Now, I'm sure any person who played the game figured out early on that the 'doubt' button meant something like "doubt that this person isn't really a Nazi in hiding" button, and was shocked to witness the things Phelps was saying. But, invariably, you would just go back to your little dialogue menu and ask the next question.

After L.A. Noire, I played Deus Ex: Human Revolution, and the dialogue sequences in that game were really very good. The character Adam talks to gives one of three speeches (all to the same effect), and you pick the appropriate response according to their personality and train of thought, with the goal of gradually breaking down their resistance and getting your way. The mechanic was even simpler than in L.A. Noire, but it had one great advantage: Although each little speech was self-contained, the overall sequence of speeches actually had a flow to it, and in the end the exchange sounded like a well-choreographed conversation, like you might find in a movie.

L.A. Noire's pick-a-question menu has no depth to it: There is no gradual breakdown of a person's mental defenses and getting the information you need. Alternating between civil questioning and wild accusations just looks ridiculous. And do we really need the game to play music to show that you picked the wrong choice? And even write a little 'X' by the question just to reinforce the idea that we suck? I would be pretty impressed if a character managed to send me after a red herring or something because I mistakenly believed them, but that is unlikely to happen when I instantly know I picked the wrong choice.

Also, twisted adventure game logic, ahoy! I don't understand why the game gives you a number of clues that are very similar, and yet is very specific in what clues work for the lying mechanic. There was one part where I accused a man of selling drugs, and to reinforce the point, showed him the giant stash of drugs I just found in his office. He just gave some generic "you are wrong" response, and I was treated to another round of "you are wrong" music and "you are wrong" X-ing in the notebook. WTF. And the interrogation mechanic is especially awkward when Phelps is accusing someone of a crime you (the player) knows they didn't commit, which the game has you do rather frequently thanks to structure of the story.

Speaking of the story, it sucks. This part has spoilers, but if you haven't played the game, then I doubt you'd even know what I've been talking about so far. The single most distinguishing feature in any crime drama show is the ratio of character development to crime-solving. Law and Order has a very low ratio, NCIS has a very high ratio, Law and Order: SVU is in the middle of those two. At the beginning of the game, I figured that L.A. Noire was really leaning towards the Law and Order side. Sure, it mentions like once or twice that Phelps was married, but it isn't like it shows him getting up in the morning or playing with his kids or anything.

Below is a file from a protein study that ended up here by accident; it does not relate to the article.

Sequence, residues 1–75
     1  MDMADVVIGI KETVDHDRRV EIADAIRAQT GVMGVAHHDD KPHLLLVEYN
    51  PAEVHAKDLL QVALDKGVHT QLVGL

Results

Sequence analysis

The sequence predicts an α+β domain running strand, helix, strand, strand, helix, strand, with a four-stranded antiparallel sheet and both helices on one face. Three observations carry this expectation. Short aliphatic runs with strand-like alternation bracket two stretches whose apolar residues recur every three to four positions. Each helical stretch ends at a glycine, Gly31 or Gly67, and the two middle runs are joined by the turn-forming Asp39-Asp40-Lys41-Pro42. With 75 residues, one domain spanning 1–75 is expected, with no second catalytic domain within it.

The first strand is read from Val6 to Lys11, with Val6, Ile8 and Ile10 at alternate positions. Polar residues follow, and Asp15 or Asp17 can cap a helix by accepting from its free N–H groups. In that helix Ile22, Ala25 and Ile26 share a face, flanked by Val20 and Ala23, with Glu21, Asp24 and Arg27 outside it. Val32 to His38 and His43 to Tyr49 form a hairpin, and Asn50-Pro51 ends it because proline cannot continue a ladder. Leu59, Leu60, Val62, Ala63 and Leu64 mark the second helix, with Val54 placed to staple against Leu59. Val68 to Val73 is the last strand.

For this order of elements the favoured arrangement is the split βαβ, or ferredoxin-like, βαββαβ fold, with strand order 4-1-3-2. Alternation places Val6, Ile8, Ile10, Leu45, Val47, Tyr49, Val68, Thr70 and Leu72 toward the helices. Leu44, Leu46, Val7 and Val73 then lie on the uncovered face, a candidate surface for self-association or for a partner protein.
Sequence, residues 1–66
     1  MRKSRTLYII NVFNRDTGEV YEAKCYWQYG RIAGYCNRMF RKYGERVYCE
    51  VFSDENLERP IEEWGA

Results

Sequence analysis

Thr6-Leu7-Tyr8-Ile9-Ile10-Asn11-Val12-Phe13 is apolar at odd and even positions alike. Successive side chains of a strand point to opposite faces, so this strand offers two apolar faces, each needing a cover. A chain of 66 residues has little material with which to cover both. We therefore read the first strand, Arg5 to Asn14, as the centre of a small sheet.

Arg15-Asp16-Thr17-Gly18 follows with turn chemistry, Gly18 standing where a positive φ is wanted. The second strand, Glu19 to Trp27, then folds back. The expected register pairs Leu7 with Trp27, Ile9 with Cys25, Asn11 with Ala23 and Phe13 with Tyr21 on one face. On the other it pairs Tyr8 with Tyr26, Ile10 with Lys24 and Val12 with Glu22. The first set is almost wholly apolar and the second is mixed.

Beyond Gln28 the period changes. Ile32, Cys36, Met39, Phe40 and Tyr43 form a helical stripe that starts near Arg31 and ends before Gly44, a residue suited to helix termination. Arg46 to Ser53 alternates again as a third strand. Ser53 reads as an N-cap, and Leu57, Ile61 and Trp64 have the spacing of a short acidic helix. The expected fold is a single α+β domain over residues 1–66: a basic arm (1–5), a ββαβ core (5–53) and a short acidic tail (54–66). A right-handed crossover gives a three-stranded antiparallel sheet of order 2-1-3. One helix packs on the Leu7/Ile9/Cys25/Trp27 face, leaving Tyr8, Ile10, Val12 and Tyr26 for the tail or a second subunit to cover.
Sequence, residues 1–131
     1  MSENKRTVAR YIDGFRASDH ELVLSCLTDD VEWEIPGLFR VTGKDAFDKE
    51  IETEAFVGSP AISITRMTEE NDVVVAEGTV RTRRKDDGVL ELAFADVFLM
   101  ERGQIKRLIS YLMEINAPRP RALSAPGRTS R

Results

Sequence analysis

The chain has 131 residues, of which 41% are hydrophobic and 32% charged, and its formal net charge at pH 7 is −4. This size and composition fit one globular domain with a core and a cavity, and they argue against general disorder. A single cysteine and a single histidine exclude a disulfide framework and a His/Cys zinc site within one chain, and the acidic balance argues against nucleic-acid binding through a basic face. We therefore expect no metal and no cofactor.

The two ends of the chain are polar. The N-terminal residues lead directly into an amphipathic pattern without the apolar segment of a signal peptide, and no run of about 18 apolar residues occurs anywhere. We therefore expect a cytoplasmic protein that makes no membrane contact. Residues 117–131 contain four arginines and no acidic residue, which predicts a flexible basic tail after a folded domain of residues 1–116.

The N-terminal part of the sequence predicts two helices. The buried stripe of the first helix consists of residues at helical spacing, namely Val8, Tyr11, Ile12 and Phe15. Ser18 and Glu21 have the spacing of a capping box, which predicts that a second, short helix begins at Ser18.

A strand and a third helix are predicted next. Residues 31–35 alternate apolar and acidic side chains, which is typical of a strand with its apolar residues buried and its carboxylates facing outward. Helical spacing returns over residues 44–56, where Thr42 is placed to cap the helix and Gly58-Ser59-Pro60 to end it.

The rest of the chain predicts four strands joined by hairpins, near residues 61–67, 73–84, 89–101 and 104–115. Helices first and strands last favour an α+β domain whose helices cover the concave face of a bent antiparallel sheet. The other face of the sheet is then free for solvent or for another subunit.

Of course I should have known something was going on with all that Pacific Theater nonsense, but I really couldn't interpret anything from it that I didn't already know. What was the point? That Phelps was a by-the-book do-gooder in a world that requires more flexibility? Yeah, I already figured that out about half an hour in. Of course, I'm hardly good at divining meaning from such things.

But the game makes one of the major moments of the game out to be Phelps sleeping with that German lady, which was pretty random, although somewhat foreshadowed. How on Earth could anyone understand Phelps' motivations in doing that? He goes through the entire game talking only about cases, and never lets us in on any details about his life or dreams or ideals or any such things. So all that scene did for me was make me realize that I didn't know Cole Phelps, and the game doesn't really give us much opportunity to figure him out, unless you can tell something about his personality from the way he picks up empty beer bottles. From that point on, the game was less about role-playing a cop and more about fighting Cole Phelps for control over the actions of the player-character.

The story arcs also left me rather divided. While I was pretty interested in the whole figuring out a major conspiracy starting from a minor investigation, and the whole serial killing thing, the rigid mission structure completely ruined it. I don't understand why every mission needed to end up with someone going to jail, despite the fact that anyone playing the game would have already figured out two cases ago that it is all some serial killer, and that the evidence really doesn't fit the suspect of the week. It takes a lot of balls for a game to insult the player for picking the wrong man for a crime, despite the fact that it was a choice between two obviously wrong men, and no option to charge neither. And so there I am, looking at that total case count looming over me, just wondering how many cases I'll have to waste on obvious set-ups before the game is finally satisfied that it can reveal the truth that players grasped hours ago.

And that is everything there is to L.A. Noire. Flawed open-world, mini-games that approach Assassin's Creed 1 levels of repetition, bizarre and immersion breaking conversation mechanics, and a rather silly story crippled by the rigidity of the game's structure. I did think the ending super-evil plot was pretty clever (though the bad guys probably shouldn't have made a movie about it, and left it at that movie set), so I guess the game didn't suck in every way. Damn.

The opinions expressed here does not necessarily reflect the views of Game Revolution, but we believe it's worthy of being featured on our site. This article has been lightly edited for grammar and image inclusion. It has been submitted for our monthly $20 Vox Pop prize. ~Ed. Nick